JLL Jumps Into Affordable Housing Fray With New National Division
JLL Valuation Advisory is launching a national affordable housing division amid growing demand for more financially accessible rental housing.
The new practice is headed by newly promoted managing directors Chip Ard and Andrea Gillman. Both co-heads, who are based in Tulsa, Oklahoma, have experience in allocating state and federal taxes, appraisals and other affordable housing-related taxing and laws.
“We continue to see growing demand for affordable housing valuation services, which is best served by having a dedicated national team overseen by two experienced leaders,” said Tony Lenamon, JLL Americas head of valuation advisory, in a release.
“Under Chip and Andrea’s stewardship, the affordable housing platform will be able to thrive as a separate, dedicated team within JLL’s Valuation Advisory group and allow us to service our clients even more.”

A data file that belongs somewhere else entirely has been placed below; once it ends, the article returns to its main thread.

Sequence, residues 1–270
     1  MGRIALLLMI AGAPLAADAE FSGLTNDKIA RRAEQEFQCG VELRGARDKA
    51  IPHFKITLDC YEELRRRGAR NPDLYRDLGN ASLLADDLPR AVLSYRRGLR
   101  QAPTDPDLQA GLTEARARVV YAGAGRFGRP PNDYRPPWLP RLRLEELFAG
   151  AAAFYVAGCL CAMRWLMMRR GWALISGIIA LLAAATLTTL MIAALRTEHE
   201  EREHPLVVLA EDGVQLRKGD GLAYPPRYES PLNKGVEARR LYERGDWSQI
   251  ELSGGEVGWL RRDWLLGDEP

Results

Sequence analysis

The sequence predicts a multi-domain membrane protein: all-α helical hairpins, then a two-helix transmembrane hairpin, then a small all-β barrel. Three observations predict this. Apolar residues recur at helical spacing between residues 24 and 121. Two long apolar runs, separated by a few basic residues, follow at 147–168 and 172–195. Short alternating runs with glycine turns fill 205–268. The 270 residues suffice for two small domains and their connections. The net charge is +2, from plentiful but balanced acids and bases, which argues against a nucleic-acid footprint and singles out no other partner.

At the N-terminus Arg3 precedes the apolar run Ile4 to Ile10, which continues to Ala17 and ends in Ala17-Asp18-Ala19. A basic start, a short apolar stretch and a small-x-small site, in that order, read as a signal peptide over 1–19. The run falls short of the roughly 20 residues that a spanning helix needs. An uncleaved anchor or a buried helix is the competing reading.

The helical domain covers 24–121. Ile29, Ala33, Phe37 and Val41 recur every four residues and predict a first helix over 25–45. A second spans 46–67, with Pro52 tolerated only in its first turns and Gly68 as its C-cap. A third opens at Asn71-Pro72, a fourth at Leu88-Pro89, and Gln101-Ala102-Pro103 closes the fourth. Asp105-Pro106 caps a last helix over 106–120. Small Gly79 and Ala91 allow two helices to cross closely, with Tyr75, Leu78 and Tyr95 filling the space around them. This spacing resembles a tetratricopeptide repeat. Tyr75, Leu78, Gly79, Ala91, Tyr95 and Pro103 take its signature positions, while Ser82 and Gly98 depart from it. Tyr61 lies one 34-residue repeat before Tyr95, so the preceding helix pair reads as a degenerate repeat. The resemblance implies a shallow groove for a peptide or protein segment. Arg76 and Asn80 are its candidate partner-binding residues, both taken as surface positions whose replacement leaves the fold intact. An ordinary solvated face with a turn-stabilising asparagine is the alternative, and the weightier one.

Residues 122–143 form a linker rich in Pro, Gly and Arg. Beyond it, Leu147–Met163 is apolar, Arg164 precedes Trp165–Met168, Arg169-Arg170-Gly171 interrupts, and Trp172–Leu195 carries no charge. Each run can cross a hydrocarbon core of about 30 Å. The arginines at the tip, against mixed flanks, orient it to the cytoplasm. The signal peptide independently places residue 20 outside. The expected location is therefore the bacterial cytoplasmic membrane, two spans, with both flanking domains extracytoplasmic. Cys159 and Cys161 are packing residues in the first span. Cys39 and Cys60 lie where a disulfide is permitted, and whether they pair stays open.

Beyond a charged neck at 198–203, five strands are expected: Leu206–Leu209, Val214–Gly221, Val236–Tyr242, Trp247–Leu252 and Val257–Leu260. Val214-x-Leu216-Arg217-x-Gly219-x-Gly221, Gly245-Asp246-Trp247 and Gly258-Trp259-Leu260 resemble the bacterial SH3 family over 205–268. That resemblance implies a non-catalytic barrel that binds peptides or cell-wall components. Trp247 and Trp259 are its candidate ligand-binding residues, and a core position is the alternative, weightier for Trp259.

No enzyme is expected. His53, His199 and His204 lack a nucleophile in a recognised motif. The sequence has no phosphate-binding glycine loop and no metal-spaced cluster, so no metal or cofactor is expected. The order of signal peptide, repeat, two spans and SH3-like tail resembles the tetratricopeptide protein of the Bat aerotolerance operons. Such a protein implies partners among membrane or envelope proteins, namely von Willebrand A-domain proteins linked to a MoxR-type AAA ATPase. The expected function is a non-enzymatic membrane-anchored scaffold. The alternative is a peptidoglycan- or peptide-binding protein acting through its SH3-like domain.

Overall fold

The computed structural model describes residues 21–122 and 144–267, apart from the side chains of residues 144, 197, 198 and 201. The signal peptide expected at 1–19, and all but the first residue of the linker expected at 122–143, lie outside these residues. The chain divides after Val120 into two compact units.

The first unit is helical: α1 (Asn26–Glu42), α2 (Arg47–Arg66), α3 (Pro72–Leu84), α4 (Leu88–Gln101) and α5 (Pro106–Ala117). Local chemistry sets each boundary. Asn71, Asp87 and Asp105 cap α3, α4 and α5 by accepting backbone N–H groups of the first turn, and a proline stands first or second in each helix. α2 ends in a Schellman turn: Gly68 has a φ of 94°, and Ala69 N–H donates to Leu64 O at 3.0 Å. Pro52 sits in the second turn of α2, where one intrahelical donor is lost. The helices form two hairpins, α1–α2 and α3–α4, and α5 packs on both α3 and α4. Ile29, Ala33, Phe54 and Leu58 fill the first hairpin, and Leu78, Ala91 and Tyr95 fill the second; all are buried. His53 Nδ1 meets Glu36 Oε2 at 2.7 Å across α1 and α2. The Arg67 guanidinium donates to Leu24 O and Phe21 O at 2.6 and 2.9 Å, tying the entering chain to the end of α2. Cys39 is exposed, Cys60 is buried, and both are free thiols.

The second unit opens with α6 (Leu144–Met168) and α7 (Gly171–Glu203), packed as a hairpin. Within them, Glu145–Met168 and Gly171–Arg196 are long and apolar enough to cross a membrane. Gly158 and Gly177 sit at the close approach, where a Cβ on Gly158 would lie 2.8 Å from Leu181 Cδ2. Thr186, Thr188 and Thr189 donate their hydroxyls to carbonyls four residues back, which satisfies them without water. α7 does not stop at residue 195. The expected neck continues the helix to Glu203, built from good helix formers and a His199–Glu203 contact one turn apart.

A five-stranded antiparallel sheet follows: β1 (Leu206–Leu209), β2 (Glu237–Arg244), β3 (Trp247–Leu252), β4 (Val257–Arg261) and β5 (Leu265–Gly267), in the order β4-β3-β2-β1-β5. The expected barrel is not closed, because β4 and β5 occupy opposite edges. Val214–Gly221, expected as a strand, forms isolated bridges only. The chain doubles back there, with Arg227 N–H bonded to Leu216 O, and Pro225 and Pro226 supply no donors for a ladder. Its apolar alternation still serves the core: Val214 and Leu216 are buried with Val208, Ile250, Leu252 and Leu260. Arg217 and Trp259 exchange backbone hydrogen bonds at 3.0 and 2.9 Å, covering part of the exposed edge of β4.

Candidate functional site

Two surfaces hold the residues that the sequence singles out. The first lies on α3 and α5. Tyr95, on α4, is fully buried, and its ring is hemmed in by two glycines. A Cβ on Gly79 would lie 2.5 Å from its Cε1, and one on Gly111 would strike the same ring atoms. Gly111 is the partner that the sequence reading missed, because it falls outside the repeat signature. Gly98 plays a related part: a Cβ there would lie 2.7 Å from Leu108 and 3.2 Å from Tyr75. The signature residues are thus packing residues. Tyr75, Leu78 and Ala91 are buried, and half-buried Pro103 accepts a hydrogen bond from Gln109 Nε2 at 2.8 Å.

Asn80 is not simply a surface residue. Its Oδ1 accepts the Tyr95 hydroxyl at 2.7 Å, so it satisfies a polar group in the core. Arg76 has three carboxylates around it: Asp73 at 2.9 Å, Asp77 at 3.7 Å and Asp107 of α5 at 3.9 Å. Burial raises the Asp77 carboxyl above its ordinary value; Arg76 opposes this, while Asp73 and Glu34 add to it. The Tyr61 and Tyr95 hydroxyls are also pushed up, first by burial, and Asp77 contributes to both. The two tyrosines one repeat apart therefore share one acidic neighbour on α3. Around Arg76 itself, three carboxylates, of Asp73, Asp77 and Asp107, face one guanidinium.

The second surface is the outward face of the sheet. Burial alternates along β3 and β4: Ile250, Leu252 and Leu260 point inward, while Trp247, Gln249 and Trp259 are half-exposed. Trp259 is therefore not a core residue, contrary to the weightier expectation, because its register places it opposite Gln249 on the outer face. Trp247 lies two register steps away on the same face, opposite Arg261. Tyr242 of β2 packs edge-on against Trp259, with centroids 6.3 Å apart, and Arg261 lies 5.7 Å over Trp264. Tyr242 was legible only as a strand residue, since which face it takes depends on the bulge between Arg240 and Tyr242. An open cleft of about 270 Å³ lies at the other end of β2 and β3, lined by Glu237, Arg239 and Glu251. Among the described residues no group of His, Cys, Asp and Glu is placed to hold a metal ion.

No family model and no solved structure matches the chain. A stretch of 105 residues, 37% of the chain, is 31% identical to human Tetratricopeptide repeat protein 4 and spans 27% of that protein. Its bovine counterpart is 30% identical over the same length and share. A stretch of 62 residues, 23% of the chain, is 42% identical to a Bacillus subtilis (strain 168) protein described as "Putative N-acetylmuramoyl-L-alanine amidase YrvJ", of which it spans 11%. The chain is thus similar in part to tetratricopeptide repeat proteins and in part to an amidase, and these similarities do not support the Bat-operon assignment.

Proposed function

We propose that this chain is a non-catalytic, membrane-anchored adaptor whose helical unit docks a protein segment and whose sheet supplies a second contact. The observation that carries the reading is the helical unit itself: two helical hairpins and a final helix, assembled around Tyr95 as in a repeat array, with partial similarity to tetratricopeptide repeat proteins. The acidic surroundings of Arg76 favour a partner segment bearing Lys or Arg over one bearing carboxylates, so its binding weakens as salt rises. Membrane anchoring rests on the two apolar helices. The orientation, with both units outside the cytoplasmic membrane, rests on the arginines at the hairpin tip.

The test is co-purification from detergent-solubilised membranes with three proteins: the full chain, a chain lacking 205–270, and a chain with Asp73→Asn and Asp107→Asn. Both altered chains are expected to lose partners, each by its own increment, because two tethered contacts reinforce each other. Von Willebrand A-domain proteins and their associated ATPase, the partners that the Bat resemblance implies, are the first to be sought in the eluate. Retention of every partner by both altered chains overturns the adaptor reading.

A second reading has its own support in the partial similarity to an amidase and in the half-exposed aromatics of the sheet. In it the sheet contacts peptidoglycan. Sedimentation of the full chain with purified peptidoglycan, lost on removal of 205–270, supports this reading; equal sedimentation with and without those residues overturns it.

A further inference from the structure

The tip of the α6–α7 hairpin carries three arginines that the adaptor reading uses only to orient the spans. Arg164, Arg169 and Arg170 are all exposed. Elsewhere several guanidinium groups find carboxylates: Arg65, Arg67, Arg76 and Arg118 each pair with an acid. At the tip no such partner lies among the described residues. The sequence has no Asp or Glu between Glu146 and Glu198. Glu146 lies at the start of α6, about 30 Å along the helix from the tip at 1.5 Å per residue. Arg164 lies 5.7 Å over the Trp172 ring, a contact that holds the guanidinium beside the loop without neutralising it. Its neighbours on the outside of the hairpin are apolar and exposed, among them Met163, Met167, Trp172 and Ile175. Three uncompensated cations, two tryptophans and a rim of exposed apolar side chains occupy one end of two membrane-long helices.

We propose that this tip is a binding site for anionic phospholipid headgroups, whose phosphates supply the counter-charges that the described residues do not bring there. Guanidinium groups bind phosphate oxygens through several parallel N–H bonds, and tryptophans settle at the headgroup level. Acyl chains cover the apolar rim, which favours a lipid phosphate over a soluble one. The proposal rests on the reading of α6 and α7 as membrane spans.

JLL previously worked in affordable housing through its multi-housing practice. The new practice will increase its headcount, though JLL didn't specify the exact number.
“The affordable housing market is as active as it has ever been across the country,” Ard said in the release. “Skyrocketing rent growth in the market-rate segment has led to an increased need for more affordable options, and there just aren’t enough affordable units. We expect a surge in the amount of new affordable and workforce housing developments.”
Despite a national need for affordable housing, and more housing in general, groups are struggling to snag funding and overcome hurdles to build more affordable housing units. The stalled Build Back Better bill was supposed to inject billions of dollars into affordable housing, and though the new fiscal 2023 federal budget includes substantial increases in housing program funding, it remains to be seen whether that will survive a congressional vote.
A dozen housing developers nationwide spoke to Bisnow in February about a persistent lack of funding for affordable housing and new struggles that arose out of the pandemic. In Brooklyn, projects were thrown into limbo; in Washington, D.C., local regulations stonewalled a newly created housing conservation nonprofit.